July 11, 2013 12:45 PM | Staff
Now that we're preparing the release of the first update for Ridiculous Fishing, it's a rare opportunity to reflect on two years of hard work and controversy. There's one final subject that has been bothering me since the start of the Ridiculous Fishing cloning debacle, and it's been one that has required me to think for a long time. That subject is the place of competition in our industry.
For some people, competition is some sort of magical force that makes things improve. That's perfectly fine - some people need some sort of external quality bar. When Ridiculous Fishing got cloned, they were the people that told us that that’s how free markets work and that we should ‘just make a better game’. When I responded that we don't want to compete (that's why we try and make new, original games) they somehow felt this was an issue that should be corrected.
As the business half of Vlambeer, I try to keep competition out of what we're doing. Just like at any good game jam, we'd rather be helping out than competing with each other. What surprised me, however, was that some people felt that this was –for some reason- an inferior stance towards the business of videogames. Zachary Knight, for example claimed Vlambeer had started to suddenly love competition now that we had 'beaten' Ninja Fishing. That’s not true. The only reason we cared about ‘beating’ Ninja Fishing - whatever that may mean - is so that we could show the industry at large that when you clone a game, you do get an inferior product. We wanted to show the industry that making games because you want to make games is the better way to go about game development.
The problem is that these people have an outdated understanding of motivation in relation to business or entrepreneurship. They see the economy at large being driven by competition, but cannot separate the larger forces at play from the individual motivations that drive people. For Vlambeer, competition is not a driving force – in fact, like in the case of Ninja Fishing forcing us to compete with them, it’s often a distraction.
Our driving force is outdoing ourselves: the next game has to better than the previous. Our next marketing campaign has to be tighter than the last. Our next deal needs to be better than the previous. Our next interview better than the last. Our next talk needs to be more effective, our next seminar more educational, our next gamejam more useful. Not because of the market, not because of the economy, not to show the world that we’re better than others - but because we want to get better.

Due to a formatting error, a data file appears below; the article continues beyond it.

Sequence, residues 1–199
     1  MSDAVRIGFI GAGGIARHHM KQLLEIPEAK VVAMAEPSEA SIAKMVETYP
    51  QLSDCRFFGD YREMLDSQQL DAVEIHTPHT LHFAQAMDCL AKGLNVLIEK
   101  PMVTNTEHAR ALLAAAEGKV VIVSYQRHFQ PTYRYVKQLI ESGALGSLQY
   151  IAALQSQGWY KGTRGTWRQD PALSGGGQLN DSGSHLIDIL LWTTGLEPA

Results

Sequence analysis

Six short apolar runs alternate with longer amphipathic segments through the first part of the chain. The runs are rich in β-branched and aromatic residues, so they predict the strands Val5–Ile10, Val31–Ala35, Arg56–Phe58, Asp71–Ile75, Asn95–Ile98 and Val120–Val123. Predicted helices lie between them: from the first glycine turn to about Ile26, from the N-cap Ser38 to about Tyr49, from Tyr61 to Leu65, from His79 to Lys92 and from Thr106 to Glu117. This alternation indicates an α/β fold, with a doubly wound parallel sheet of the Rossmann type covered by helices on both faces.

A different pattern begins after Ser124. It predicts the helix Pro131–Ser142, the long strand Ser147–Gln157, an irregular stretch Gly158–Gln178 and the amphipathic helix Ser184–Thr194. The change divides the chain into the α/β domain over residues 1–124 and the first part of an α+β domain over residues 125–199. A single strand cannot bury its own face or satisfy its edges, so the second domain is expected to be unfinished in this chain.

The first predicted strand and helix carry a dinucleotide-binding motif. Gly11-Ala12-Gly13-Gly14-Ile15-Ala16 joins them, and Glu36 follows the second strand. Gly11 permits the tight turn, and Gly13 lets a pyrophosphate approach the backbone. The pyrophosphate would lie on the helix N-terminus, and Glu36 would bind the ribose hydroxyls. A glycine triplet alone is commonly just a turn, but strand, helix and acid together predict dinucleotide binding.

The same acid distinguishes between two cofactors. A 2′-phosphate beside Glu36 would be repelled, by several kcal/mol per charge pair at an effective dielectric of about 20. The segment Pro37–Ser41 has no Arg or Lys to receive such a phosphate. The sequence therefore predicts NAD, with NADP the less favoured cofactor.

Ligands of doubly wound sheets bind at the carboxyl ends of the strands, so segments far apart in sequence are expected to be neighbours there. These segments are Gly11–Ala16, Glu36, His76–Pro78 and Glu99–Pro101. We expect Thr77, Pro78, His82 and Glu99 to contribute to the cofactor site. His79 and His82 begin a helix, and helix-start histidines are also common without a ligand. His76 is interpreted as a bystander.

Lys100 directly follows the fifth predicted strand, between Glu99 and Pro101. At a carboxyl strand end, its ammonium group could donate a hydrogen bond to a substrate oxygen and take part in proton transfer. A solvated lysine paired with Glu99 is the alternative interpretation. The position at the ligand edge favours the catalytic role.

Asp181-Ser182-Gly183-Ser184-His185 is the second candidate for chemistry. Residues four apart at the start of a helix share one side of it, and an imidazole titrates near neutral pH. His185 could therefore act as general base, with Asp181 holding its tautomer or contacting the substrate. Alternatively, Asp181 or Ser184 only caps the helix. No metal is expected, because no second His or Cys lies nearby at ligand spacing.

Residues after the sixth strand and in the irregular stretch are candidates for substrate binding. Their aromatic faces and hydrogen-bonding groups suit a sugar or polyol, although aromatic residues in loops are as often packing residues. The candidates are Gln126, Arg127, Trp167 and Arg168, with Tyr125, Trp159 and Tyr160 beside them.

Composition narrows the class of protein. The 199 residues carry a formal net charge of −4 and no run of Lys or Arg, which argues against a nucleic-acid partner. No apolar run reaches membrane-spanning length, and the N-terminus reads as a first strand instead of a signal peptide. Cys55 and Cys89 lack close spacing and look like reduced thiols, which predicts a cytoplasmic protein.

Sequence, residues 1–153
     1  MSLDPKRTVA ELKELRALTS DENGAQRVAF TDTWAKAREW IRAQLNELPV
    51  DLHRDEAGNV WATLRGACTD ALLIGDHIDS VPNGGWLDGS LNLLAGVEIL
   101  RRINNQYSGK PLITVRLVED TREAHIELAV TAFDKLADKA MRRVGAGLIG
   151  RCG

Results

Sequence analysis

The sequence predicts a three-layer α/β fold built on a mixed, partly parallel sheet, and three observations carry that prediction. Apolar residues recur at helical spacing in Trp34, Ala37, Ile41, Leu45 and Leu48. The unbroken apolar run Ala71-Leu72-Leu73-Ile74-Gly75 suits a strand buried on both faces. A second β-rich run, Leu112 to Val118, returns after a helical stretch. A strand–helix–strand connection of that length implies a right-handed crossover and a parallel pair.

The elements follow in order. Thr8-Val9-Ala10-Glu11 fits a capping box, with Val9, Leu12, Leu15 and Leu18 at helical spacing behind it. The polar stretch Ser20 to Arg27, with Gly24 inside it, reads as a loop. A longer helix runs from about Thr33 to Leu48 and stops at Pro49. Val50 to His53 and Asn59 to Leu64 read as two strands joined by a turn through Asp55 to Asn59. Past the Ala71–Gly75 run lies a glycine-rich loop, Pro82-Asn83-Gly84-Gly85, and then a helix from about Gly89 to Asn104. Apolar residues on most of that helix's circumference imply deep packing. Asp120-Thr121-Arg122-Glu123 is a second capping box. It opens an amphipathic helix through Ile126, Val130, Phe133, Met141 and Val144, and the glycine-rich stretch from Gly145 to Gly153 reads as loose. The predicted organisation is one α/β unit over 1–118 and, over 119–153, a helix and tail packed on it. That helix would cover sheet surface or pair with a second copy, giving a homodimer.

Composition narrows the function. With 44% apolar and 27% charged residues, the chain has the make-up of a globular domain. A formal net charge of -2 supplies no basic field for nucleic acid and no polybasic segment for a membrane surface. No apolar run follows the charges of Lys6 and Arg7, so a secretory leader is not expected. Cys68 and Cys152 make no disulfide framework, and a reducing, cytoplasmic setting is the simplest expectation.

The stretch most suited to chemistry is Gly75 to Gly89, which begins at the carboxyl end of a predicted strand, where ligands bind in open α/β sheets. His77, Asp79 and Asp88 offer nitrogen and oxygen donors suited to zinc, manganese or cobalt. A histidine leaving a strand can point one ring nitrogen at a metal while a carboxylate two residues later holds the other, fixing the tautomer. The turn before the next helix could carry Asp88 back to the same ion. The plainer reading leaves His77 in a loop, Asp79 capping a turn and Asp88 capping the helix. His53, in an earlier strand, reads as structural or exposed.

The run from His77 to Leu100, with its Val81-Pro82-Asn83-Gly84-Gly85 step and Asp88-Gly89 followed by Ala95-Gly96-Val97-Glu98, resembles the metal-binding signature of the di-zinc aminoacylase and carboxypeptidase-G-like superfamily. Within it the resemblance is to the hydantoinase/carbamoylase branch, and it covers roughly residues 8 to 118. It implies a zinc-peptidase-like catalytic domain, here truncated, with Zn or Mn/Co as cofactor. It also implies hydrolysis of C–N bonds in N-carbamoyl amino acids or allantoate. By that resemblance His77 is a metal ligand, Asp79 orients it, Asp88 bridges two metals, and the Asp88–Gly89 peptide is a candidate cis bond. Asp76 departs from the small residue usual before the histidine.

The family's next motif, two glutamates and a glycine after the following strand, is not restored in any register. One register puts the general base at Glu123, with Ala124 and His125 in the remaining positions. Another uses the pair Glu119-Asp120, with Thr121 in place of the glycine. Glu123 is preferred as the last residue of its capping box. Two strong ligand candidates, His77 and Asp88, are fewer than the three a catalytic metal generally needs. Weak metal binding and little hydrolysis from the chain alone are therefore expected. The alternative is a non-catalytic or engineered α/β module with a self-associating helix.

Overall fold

On a much larger scale, though, Vlambeer wants to cooperate. We both care a lot about game development, about indie development, about the people already in the industry and the people trying to get into the industry. We've set up dozens of opportunities to help out and co-organize a large number of events and initiatives to that point. We realize that, if we want gaming to be a healthy, welcoming environment, you have to treat people coming into the environment with respect and courtesy. You tell them that making games is about making games and helping one another out. If you want them to rip off ideas instead of creating their own, you teach them that it's just about competition and that making games isn't about making games, but about minimizing costs and optimizing profits. It's that simple.
Sure, you need to make enough money to stay afloat, but the verbial pie is large enough to share it amongst all of us – often without the need to compete at all. Chris Hecker explained this eloquently in his GDC 2013 talk, in which he pointed out that Nobody Knows About Your Game. Eitan Glinert worded things even better: 'We're not competing with each other, we're competing with obscurity.' The fact that someone bought an indie game doesn't mean they won't buy another indie game - in fact, it's more likely that they will.
What I do isn't about being better than somebody else, it's about being relevant to the industry, the medium and the people I care about. It's about making sure I work with Jan Willem and the rest of our collaborators to make great games for the fans. It’s about helping out other developers, whether they’re just starting out in an emerging region or established developers looking for some feedback, It's about inspiring and informing students all around the world. It's about sharing and cooperating against obscurity. These are sentiments that I see all around the scene, cooperation instead of competition, sharing instead of patenting, collaborating instead of antagonizing.
Whether you want to compete, improve, dabble, change the world, just have fun - or whatever your motivation to make games may be - know that your motivation is perfectly valid whatever anyone on Gamasutra tells you. Make the games you want to make, make them with the tools you like - and most importantly, make them on your own terms.
[Rami Ismail wrote this using Gamasutra's free blogs]